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Pa. Exceeds Annual Tornado Average

May 25, 2019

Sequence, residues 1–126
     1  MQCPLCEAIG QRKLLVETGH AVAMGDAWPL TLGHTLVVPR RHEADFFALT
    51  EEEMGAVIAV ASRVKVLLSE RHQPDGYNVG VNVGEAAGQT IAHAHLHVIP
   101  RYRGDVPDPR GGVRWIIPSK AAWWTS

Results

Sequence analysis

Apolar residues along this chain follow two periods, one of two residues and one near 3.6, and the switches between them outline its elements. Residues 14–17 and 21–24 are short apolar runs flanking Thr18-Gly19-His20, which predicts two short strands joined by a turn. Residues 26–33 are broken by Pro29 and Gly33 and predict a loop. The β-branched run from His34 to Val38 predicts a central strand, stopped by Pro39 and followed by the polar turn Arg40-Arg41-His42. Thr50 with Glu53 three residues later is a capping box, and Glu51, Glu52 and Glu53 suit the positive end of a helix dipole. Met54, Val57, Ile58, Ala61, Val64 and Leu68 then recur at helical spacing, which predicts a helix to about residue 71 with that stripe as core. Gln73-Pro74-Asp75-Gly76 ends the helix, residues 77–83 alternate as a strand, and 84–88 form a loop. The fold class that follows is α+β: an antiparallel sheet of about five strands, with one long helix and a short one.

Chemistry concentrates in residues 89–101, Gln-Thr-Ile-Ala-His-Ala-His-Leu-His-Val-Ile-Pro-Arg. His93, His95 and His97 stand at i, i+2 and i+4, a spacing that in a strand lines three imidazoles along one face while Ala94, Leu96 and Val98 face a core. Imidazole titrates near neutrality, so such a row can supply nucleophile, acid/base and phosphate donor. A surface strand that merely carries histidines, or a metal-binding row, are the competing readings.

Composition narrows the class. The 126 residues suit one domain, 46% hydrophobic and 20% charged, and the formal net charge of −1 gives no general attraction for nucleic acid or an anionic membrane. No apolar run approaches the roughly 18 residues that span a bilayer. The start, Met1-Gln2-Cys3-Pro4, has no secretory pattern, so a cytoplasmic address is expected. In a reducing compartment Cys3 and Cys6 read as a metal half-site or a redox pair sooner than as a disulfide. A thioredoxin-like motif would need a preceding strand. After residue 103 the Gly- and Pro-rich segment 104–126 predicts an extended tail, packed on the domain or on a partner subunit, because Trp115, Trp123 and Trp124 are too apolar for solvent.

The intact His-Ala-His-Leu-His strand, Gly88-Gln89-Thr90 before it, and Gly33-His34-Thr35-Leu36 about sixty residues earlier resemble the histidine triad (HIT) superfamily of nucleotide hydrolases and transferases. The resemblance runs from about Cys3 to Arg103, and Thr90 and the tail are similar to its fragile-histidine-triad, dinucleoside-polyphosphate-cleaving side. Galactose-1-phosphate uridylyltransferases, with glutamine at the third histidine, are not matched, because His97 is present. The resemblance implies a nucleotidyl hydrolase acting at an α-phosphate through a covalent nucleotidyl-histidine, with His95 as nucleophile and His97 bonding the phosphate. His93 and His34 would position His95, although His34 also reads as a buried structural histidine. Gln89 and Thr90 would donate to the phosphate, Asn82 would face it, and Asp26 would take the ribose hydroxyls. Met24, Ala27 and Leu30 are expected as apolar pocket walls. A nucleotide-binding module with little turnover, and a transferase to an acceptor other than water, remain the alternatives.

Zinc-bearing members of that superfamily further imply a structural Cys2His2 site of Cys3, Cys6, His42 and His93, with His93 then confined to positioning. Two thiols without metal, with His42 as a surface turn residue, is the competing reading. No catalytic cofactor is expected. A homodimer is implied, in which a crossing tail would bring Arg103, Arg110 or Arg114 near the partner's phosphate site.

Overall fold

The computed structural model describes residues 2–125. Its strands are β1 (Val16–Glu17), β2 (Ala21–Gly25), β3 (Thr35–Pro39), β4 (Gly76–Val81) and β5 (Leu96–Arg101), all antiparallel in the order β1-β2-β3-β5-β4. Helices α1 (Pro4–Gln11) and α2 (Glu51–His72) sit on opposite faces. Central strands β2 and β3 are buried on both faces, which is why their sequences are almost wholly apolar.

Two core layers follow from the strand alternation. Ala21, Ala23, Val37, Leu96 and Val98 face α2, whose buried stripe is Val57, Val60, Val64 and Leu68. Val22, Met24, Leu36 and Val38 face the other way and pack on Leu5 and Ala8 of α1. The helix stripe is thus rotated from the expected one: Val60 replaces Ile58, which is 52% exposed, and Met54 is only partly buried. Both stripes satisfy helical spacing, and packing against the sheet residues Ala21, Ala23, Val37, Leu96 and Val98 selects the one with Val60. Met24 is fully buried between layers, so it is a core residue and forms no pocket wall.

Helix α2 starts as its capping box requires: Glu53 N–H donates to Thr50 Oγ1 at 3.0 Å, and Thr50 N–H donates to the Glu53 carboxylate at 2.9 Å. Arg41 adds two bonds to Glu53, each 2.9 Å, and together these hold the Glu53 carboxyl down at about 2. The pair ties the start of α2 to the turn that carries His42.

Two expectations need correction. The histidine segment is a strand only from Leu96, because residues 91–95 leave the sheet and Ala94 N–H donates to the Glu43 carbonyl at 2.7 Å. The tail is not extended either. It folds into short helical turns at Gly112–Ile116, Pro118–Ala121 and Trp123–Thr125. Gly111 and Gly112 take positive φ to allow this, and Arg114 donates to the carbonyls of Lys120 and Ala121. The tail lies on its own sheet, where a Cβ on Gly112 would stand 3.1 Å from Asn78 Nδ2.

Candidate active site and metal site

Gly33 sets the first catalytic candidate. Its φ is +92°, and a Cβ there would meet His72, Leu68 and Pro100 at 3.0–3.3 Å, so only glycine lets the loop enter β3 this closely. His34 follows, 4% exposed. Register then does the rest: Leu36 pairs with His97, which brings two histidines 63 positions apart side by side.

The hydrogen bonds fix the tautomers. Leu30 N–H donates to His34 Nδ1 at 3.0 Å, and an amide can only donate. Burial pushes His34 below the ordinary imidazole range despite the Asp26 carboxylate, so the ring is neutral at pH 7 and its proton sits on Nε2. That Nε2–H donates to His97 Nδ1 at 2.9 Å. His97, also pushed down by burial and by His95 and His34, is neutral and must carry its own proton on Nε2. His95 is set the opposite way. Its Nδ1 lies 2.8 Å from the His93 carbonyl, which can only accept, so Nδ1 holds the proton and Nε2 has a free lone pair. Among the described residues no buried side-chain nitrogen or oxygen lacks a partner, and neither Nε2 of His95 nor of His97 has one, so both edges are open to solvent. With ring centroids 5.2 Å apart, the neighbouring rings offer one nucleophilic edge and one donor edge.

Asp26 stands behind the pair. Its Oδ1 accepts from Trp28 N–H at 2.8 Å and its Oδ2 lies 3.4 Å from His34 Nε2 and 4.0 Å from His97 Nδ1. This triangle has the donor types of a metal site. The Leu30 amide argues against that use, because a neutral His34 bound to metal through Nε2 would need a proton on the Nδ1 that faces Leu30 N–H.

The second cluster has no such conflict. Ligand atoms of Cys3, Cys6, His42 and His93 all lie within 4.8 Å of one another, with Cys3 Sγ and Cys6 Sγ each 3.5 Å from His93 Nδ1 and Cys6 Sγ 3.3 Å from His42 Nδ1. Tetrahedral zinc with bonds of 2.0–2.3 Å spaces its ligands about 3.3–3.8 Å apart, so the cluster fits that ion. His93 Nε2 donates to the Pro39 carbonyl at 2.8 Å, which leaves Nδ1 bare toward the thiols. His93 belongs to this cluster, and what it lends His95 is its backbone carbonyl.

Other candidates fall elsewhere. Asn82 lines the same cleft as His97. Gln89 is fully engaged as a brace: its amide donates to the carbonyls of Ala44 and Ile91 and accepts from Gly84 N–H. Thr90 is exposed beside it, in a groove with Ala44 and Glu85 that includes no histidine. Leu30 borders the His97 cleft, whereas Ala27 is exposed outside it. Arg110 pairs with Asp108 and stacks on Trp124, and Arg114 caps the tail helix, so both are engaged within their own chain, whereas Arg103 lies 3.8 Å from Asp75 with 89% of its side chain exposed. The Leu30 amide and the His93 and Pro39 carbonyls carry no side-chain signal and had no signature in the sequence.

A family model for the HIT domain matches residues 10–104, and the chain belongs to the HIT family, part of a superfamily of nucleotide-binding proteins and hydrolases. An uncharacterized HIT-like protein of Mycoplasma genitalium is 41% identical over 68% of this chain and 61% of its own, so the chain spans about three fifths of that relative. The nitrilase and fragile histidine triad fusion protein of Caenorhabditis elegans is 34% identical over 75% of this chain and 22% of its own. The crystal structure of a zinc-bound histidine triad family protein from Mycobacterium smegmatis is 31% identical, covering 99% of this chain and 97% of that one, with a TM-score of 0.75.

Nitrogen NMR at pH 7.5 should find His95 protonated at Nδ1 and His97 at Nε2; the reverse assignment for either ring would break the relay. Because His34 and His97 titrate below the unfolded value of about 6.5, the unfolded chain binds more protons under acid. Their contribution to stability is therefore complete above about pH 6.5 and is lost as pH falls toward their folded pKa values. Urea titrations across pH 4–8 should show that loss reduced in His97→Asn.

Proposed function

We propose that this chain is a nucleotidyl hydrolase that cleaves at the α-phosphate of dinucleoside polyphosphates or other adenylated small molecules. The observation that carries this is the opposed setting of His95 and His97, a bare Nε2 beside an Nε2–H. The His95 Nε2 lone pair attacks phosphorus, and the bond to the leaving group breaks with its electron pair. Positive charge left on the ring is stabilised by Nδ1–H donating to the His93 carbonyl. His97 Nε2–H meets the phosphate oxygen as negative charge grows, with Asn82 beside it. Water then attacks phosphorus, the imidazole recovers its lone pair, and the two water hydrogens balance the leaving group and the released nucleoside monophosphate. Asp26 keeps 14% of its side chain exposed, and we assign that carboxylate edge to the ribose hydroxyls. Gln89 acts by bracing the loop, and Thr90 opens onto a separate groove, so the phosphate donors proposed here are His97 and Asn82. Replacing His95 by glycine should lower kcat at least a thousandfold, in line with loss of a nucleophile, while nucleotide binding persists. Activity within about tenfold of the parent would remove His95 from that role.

Is extreme weather becoming more common in Pennsylvania? After the spring we’ve had, it may be hard to find someone who would disagree with that assumption, especially after Thursday night. Strong to severe thunderstorms rattled the region Thursday, with six tornado warnings issued across the state in a span of just two hours. All six warnings expired without incident, but the outbreak of severe weather — in strength and severity — over a short period of time is notable. Especially when it seems to be part of an unending pattern of extreme weather events this season. At least 16 tornadoes have been preliminarily confirmed in the commonwealth this year, according to NOAA’s Storm Prediction Center. The state’s average for an entire year is closer to eight, according to a storms event database that goes all the way back to 1950. Forecaster John Homenuk of Empire Weather was on the ground earlier this week when a series of powerful tornadoes ripped through the Midwest. He suspects many people will point to a definitive link with warming global temperatures and tornadoes in places where they “should be” less common. But Homenuk says the effects of global warming on the processes and patterns that lead to tornadoes are mostly unknown. “What we can say for sure is that there are oscillations —well documented down periods and up periods. We are in a more active period right now, without a doubt,” Homenuk said. John Hart, lead forecaster for the Storm Prediction Center, said there is no known trend in the data or pattern that indicates severe storms are becoming more frequent in Pennsylvania. That state is simply stuck in an active period and typically has such patterns separated by a few quiet years. Data from NOAA’s Annual Severe Weather Report Summary supports that explanation. It shows Pennsylvania averaging roughly 11 tornadoes from 2012-16. But in 2017 there were 26 documented tornadoes. Last year, that number jumped to 31, including one that ripped through the Arena Hub Plaza in Wilkes-Barre Twp. on June 13. To obtain critical weather information, especially in less-populated areas, the weather service relies on a volunteer program with between 350,000 and 400,000 trained severe weather spotters who provide timely reports of severe weather. Those reports are coupled with Doppler radar technology and satellite data to pinpoint areas where tornadoes are suspected to have touched down. “The technology boom has led to a vastly improved network of spotters and observations which has made tornadoes more visible. It has also massively improved warning times and communications,” Homenuk said. In each instance where the weather service suspects a tornado occurred, a storm survey team is dispatched to inspect the damage. The survey team’s mission is to gather data to reconstruct a tornado’s life cycle, including when and where it initially touched down and lifted (which determines its path length), its width and magnitude. A survey team dispatched by the NWS will conduct a full ground survey in order to assess tornado damage, but occasionally, an aerial survey is conducted if the extent of the damage is large enough. Tornado strength is rated based on the Fujita Scale, classifying tornadoes from EF-0 to EF-5. The Enhanced Fujita Scale (or EF scale) is used to classify tornadoes into the following categories: • EF0 Weak: 65 to 85 mph • EF1 Weak: 86 to 110 mph • EF2 Strong: 111 to 135 mph • EF3 Strong: 136 to 165 mph • EF4 Violent: 166 to 200 mph • EF5 Violent: >200 mph

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